Sluggish night tonight, in some ways. I got to The Ugly Mug at about 7:45. John Perry, Martha Stothard, LilBob and Greg Patrick were there. Samuel Rees was on a couch, as was the feature, Bonafide Rojas, the wild-haired feature, a slam mastermind, a Nuyorican poet from Red City, Mars. Leigh White arrived around the same time I did, or at least I saw her at the front counter as I paid my $3 admission. Who else came? James Kelly. Graham. Heidi Denkers and LeAnne Hunt. Mae Ramirez, Bonafide’s temporary partner in crime, AKA his personal chauffeur while he’s in California. No SGV presence. No Bonafide groupies. Not too many people I didn’t already know. I sat at a table one closer to the stage than usual; it had fun creaking moving parts that could potentially get me in trouble.
The usual rules of the Two Idiots Peddling Poetry got tweaked. Rule #1 — “One can read three poems or five minutes, whichever comes first” — remained the same. Rule #2 — “Explore your idioc”y — remained the same. But Rule #3 — “Don’t blame The Ugly Mug” — became “Do secretly blame The Ugly Mug.” I don’t know why.
On with the reading:
- Greg read “Rebel Angel [Something Something],” a lugubrious piece rich with his usual shadowy imagery and allusions.
- They first called out for “Lea” because Greg wrote down Leigh’s name wrong on the sign-up sheet. At least he was gallant for signing her up. Leigh read a David Ohlsen piece, “Skywalker Cries Wolf,” followed by her own “Golden Underwear for Everyone,” a poem inspired by “NyQuil delirium” and Mitt Romney.
- Kiril the Mad Macedonian read a parody of Joan Jett’s “I Love Rock and Roll” called “I Love to Get on a Bike and Go Go Go.” Then he read “The Key” (from 2005) and “Goodbye.” During the break, Martha scolded Greg for not signing her up for spot #3; this just wasn’t Greg’s night, as far as the sign-up sheet went.
- I read “Acceptance Speech” and “Organic Chemistry.” LilBob, who used to be an organic chemist, told me during the break that he liked the latter poem.
- Bonafide Rojas took the stage and then stepped off it. He wandered around a bit, eschewing the mic. He came armed with his new book, the self-published When the City Sleeps, which was a bargain at less than ten cents a page. His set included “Grand Concourse Solitude,” “Remember” (inspired by Joe Brainard), “Crimson Blood Witch” (composed of the condensing of twenty-six love sonnets), and “The Most Beautiful Day.” This was his second time in the OC, his first being in 2003. He was a good performer, comfortable in the spotlight, more than willing to chat with the audience.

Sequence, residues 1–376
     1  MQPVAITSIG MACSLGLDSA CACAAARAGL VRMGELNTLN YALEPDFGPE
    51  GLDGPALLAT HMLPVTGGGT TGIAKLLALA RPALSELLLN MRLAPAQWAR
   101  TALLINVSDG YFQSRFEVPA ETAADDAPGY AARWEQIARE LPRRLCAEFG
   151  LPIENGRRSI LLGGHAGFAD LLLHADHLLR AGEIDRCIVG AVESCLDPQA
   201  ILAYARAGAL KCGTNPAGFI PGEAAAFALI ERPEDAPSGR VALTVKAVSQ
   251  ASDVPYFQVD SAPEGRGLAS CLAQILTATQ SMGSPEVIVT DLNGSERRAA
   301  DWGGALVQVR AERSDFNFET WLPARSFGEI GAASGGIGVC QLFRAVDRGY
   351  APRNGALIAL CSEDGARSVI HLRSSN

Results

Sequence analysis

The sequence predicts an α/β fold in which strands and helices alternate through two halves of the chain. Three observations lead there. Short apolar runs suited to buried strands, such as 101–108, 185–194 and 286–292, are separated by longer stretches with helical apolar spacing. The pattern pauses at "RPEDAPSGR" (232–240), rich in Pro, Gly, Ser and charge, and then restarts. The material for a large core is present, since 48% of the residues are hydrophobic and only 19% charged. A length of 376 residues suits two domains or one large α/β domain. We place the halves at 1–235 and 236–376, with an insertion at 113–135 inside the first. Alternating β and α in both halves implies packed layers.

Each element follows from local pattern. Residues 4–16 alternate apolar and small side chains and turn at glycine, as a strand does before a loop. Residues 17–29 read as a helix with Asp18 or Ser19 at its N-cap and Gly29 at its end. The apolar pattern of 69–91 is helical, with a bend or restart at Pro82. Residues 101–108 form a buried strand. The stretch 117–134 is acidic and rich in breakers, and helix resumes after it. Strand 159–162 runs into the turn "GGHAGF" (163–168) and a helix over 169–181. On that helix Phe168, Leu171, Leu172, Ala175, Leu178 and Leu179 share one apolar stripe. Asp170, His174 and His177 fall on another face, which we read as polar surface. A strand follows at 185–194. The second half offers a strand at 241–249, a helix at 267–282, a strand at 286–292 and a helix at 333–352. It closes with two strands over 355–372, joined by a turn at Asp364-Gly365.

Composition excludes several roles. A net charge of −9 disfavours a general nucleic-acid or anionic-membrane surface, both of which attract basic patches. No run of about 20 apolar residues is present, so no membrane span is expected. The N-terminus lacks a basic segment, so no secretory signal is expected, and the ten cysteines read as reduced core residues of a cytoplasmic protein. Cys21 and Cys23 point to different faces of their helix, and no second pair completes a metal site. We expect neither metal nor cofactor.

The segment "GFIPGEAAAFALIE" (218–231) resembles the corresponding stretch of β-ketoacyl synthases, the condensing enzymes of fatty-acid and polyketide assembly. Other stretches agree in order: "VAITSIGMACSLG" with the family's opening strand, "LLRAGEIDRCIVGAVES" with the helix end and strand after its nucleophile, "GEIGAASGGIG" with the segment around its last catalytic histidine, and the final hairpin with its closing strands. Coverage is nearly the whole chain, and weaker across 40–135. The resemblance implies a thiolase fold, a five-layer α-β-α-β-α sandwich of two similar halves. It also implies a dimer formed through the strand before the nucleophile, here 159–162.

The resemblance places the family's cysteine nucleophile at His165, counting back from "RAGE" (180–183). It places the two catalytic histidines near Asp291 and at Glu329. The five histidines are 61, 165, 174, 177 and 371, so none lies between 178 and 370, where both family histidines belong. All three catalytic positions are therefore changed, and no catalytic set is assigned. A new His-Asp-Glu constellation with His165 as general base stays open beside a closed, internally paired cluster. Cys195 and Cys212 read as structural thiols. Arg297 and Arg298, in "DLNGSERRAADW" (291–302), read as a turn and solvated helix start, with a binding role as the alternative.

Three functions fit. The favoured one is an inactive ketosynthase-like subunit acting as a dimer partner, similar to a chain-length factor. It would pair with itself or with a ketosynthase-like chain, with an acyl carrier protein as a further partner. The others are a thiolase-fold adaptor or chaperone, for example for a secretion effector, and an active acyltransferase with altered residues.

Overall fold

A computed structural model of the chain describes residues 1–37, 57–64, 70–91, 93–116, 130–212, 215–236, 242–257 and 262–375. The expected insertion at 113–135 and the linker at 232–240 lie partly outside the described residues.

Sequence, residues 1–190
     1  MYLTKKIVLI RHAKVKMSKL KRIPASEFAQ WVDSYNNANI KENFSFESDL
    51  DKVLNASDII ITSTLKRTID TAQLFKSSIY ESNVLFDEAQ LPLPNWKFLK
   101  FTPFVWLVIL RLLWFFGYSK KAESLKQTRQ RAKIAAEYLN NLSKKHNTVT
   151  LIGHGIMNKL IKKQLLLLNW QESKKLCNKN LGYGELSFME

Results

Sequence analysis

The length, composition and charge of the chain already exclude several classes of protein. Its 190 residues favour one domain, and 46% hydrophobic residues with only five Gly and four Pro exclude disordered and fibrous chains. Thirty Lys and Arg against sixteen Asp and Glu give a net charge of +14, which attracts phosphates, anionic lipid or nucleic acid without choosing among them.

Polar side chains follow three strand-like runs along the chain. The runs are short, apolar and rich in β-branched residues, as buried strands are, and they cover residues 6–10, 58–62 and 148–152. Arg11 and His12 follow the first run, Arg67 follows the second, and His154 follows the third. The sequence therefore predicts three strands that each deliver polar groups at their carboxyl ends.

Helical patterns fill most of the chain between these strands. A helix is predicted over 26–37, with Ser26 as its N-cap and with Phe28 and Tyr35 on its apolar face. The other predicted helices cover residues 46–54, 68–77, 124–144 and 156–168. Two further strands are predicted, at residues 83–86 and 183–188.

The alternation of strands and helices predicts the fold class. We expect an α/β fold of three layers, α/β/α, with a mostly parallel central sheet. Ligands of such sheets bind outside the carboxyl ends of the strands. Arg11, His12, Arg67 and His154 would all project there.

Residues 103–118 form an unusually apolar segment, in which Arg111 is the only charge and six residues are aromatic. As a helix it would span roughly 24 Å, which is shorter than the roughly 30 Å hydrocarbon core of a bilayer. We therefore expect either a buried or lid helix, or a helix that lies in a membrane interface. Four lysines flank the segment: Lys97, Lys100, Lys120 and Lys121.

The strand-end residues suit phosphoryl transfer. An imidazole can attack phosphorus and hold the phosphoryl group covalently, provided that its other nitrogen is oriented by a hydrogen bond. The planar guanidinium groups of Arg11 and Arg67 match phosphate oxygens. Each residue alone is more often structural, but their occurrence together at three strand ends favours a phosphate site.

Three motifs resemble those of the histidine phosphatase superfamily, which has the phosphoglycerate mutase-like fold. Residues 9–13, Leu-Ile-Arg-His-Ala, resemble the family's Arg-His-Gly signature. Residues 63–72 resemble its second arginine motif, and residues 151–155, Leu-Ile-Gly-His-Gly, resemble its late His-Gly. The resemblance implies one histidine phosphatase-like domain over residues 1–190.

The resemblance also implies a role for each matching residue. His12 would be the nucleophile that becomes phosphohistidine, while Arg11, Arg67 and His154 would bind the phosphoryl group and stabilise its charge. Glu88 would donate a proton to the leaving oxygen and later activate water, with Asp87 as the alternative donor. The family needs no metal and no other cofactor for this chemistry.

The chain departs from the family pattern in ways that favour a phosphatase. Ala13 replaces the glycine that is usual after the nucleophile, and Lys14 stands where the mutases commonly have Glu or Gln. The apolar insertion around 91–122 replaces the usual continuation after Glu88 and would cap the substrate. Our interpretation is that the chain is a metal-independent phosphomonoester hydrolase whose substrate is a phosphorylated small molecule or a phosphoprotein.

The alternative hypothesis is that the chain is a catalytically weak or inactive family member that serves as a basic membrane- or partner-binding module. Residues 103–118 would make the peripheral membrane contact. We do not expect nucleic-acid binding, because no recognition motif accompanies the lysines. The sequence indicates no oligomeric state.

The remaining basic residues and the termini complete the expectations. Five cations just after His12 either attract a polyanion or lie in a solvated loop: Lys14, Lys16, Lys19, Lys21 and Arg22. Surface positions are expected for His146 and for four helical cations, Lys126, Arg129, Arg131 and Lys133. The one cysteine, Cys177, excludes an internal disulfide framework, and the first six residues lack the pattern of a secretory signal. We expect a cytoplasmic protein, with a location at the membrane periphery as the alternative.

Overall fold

- After the break, after I bought Bonafide’s book, after Mae Ramirez struggled to remember my name, after half the audience left, Graham read six haiku, the first of which replaced a syllable with a gesture, which was pretty cool.
- Cliff, a first-time reader, read “Nervous Response Mechanisms,” “Not Ready for Morning,” and “Scratchers.”
- Heidi Denkers read two pieces, a hard-hitting one about her complex, flawed father and “Branching.”
- Samuel Rees, reading off his phone for the first time, read “Luxury Liner.”
- Katarina, whom I remember from last week, read a poem the title of which I missed.
- Mae Ramirez passionately recited from memory “I’m Not a Real Mexican” and then talked about seeing Bonafide Rojas on Def Poetry Jam in tenth grade, a pivotal experience that changed her view of poetry and altered the course of her life. She read one of his poems, though she felt embarrassed to do so in front of him; fittingly, it was about teaching students poetry and about poetry’s transformative power. It was a good way to end the night.
So that was it. Small remembered miracles in a minor key.